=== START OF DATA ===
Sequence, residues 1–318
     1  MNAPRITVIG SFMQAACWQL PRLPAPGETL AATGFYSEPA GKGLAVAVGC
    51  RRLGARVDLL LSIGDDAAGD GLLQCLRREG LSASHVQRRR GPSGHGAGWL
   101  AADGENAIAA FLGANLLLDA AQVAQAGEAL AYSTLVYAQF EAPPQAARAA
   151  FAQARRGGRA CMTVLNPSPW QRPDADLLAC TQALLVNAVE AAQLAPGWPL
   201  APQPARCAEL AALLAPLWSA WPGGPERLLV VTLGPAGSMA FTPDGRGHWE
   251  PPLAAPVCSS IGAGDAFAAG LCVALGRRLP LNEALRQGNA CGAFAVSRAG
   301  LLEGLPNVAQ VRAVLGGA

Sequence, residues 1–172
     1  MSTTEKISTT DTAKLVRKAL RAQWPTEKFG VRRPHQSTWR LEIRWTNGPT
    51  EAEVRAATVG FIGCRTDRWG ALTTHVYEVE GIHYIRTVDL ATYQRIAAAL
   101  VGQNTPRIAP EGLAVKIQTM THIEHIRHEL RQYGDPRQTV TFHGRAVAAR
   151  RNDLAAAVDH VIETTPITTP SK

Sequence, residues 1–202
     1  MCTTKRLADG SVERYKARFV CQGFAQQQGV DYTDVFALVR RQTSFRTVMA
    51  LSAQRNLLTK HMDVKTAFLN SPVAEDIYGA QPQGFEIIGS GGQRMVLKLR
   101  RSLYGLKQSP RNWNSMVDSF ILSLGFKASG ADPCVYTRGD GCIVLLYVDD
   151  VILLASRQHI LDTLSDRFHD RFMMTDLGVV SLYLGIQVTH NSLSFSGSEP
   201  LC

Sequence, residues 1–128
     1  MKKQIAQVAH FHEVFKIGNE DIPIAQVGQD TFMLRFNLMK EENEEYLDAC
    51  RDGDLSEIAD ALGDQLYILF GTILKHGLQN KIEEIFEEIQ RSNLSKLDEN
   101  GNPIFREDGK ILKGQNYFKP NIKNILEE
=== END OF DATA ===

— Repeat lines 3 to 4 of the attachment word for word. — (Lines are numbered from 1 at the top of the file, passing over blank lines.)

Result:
    51  RRLGARVDLL LSIGDDAAGD GLLQCLRREG LSASHVQRRR GPSGHGAGWL
   101  AADGENAIAA FLGANLLLDA AQVAQAGEAL AYSTLVYAQF EAPPQAARAA